Where to stay

Overlooking Somes Sound, the Claremont, dating back to 1884, debuted freshly updated digs and a pool in 2022. The hotel’s affiliated cottages and cabins, equipped with kitchens, give families flexibility, too.

Glacier National Park, Montana

Wild and scenic, Glacier boasts jagged peaks and turquoise lakes (including showstopper Lake MacDonald measuring 10 miles long). The .9-mile Trail of Cedars, largely on flat boardwalk, is a great introduction. Or join one of Swan Mountain Outfitters’ beginner-friendly horseback riding adventures, starting from three corrals (Apgar, Lake MacDonald, and Many Glacier).

Where to stay

Longtime park concessionaire, Glacier Park Collection by Pursuit operates several lodges in and around the park, along with excursions such as rafting and fishing. Given Glacier National Park’s expanse, families will want to start at the 144-room Grouse Mountain Lodge in the town of Whitefish, just outside the park, and later move to Glacier Park Lodge on the park’s eastern side.

Rocky Mountain National Park, Colorado

An easy day trip from Denver, Rocky Mountain features 355 miles of hiking trails, 147 lakes, and 77 mountains taller than 12,000 feet. Among the classic and family-friendly hikes and drives: Bear Lake (an easy half-mile loop!), Alluvial Fan (rock scrambling), and scenic Trail Ridge Road (known as the highway to the sky as it gains elevation in minutes). And tell everyone to keep their eyes peeled for elk, moose, bighorn sheep, black bears, and marmots.

Where to stay

The 200-room Limelight Hotel (formerly Kimpton Born) feels like a modern chalet. Plus, it has an unbeatable location adjacent to Union Station, Denver’s 1914 Beaux Arts train station that’s been repurposed into a complex of trendy restaurants, bars, and shops.

Redwoods National & State Parks, California

This string of parks (along with Humboldt Redwoods State Park) in northern California is home to the largest surviving stands of old growth coastal redwoods, soaring 350 feet up. Walk the Founders Grove, spotting the fallen Dyerville Giant (17 feet in diameter), and get lost among the ferns and towering trees on the .7-mile Rockefeller Loop. Both trails are within Humboldt Redwoods State Park. Don’t miss Prairie Creek Redwoods State Park, where Roosevelt elk are known to graze.

Where to stay

Campgrounds and rentals abound in the region, but the Carter House Inns, comprising a few Victorian houses and cottages, are well-located in old town Eureka, near coffee shops, restaurants, and beaches.

Shenandoah National Park, Virginia

Shenandoah’s serene landscape of rocky summits, wooded hollows, and waterfalls got the ultimate seal of approval in John Denver’s “Take Me Home, Country Roads,” and it’s also a great national park for families. Blackroad Summit is a short 1.1-mile hike that rewards with spectacular valley views, while Lands Run Falls features a series of cascades that descend into a gorge. A scenic byway that runs through the park, Skyline Drive is a riot of golds, oranges, and scarlet reds during autumn.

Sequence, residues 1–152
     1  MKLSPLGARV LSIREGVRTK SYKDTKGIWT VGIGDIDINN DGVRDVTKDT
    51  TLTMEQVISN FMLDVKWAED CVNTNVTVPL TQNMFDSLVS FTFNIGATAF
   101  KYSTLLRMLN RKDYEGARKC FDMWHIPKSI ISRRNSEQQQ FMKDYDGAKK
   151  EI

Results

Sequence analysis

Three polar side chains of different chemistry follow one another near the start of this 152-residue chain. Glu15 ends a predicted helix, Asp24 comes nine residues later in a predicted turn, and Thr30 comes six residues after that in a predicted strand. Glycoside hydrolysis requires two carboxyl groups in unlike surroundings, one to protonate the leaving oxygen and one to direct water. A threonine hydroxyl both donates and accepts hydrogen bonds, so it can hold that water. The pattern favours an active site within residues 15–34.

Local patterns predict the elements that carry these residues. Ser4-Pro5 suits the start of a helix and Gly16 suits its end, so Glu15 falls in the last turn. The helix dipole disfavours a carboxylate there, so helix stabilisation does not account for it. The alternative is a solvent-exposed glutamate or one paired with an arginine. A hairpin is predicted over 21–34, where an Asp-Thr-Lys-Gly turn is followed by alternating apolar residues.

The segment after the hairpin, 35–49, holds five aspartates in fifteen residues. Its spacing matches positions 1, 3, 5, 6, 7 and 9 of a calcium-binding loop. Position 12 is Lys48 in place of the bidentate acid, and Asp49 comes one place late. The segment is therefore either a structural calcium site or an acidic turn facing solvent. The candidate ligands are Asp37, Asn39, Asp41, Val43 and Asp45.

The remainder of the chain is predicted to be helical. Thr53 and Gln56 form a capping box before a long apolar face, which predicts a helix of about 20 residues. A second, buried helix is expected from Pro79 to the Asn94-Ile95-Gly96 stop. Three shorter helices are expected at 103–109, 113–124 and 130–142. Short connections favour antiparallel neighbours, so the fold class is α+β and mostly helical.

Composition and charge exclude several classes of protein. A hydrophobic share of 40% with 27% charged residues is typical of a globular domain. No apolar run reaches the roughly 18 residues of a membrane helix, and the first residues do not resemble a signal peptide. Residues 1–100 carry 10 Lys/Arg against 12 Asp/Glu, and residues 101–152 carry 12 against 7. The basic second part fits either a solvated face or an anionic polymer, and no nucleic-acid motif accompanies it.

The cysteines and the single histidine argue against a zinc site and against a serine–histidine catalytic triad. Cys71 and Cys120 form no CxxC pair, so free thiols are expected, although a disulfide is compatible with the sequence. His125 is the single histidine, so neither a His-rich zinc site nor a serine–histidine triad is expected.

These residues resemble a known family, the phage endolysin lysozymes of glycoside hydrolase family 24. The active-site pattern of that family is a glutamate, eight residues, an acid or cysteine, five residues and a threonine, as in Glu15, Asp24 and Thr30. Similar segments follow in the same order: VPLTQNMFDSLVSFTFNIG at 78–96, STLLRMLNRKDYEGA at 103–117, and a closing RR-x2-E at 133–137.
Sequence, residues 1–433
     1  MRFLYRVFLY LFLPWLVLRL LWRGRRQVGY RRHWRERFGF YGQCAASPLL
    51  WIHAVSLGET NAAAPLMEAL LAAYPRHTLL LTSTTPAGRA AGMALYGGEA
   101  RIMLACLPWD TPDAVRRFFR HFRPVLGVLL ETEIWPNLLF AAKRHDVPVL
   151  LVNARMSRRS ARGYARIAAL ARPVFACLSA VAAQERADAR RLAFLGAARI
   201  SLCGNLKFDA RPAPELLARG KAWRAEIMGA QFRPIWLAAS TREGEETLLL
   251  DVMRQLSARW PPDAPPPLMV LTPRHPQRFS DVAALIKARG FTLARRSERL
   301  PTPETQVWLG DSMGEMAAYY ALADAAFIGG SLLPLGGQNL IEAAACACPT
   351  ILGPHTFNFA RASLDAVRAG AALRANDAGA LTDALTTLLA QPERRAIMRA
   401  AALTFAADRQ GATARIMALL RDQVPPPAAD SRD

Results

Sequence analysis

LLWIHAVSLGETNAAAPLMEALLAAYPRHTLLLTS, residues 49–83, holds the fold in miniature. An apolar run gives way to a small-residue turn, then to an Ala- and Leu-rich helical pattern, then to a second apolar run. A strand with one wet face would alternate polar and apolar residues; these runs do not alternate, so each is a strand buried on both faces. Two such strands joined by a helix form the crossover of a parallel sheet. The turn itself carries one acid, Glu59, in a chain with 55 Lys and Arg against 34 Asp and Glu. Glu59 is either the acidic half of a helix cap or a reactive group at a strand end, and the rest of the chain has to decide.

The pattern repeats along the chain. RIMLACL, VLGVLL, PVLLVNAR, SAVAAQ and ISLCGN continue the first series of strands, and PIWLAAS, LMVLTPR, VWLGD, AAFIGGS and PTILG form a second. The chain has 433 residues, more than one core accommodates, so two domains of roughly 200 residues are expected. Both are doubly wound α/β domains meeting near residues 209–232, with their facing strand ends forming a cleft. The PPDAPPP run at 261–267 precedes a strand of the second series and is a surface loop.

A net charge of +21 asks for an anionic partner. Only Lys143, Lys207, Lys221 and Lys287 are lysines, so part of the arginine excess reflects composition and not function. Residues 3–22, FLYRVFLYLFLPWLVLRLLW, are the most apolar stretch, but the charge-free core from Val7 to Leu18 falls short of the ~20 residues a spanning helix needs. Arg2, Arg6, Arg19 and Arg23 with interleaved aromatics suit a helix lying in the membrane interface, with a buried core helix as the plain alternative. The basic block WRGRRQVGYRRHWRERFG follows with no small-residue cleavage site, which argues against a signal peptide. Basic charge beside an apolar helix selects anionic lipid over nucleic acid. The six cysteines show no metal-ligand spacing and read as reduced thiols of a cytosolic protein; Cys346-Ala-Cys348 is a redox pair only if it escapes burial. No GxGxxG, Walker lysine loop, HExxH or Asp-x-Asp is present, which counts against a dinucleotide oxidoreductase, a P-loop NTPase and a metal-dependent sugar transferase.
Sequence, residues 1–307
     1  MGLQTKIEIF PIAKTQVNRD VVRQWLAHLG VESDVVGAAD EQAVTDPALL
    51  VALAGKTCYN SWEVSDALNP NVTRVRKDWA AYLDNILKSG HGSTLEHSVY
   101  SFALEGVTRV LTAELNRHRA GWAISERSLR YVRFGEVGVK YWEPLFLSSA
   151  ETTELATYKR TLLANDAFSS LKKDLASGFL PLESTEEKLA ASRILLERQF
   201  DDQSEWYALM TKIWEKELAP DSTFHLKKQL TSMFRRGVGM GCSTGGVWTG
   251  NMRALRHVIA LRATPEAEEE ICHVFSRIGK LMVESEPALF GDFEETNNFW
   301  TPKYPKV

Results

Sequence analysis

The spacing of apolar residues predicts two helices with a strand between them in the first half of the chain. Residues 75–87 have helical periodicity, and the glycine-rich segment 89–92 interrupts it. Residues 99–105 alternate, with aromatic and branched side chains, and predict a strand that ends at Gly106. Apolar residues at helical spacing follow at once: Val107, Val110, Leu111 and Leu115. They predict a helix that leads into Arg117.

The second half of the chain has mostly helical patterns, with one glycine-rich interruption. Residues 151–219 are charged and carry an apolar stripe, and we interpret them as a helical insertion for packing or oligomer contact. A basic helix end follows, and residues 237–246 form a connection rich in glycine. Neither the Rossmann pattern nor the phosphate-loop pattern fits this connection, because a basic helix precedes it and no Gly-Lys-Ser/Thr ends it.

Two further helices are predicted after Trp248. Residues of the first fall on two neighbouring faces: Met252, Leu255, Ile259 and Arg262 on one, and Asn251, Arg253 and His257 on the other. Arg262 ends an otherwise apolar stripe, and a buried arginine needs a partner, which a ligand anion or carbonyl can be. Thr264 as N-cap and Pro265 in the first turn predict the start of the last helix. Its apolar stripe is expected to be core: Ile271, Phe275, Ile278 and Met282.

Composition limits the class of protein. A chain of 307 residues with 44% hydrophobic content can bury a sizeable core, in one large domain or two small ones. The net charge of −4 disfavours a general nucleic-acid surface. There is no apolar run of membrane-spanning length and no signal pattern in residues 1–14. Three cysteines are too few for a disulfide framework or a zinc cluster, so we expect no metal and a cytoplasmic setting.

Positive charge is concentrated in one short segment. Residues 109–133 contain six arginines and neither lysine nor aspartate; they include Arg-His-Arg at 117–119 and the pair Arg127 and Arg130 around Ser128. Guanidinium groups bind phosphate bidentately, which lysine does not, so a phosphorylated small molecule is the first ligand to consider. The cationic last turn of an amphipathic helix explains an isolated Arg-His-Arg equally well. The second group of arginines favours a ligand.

Where to stay

Only 30 minutes outside the park, the charming college town of Charlottesville offers several hotel and restaurant options (not to mention Jefferson’s Monticello nearby). Check into the art-filled Draftsman, part of Marriott’s Autograph Collection.

Bryce Canyon National Park

A trip to a park like Bryce Canyon will earn serious bragging rights when your kids are asked to discuss what they did on their vacation.

Photo by Silky/Shutterstock

Bryce Canyon National Park, Utah

Synonymous with those mysterious crimson-hued hoodoos (irregular columns of rocks), Bryce Canyon in southern Utah looks like another planet. Several easier hikes include the half mile Rim Trail, which is flat and paved, as well as Mossy Cove and Bristlecone Loop. Ideal for those night owl teens, Bryce’s dark, starry skies are legendary. Inquire about ranger-led astronomy programs or book through Dark Ranger Telescope Tours.

Where to stay

Take advantage of another glamping opportunity and base your family at the solar-powered Under Canvas’s Bryce Canyon location, where the safari-style tents sit among juniper trees.

Los Angeles–based Tanvi Chheda has been writing about travel for 15 years for publications such as the New York Times, Virtuoso Life, Delta’s Sky, Robb Report, and Travel + Leisure, where she got her start as an assistant editor. She loves taking her kids along on adventures and seeing places through their eyes.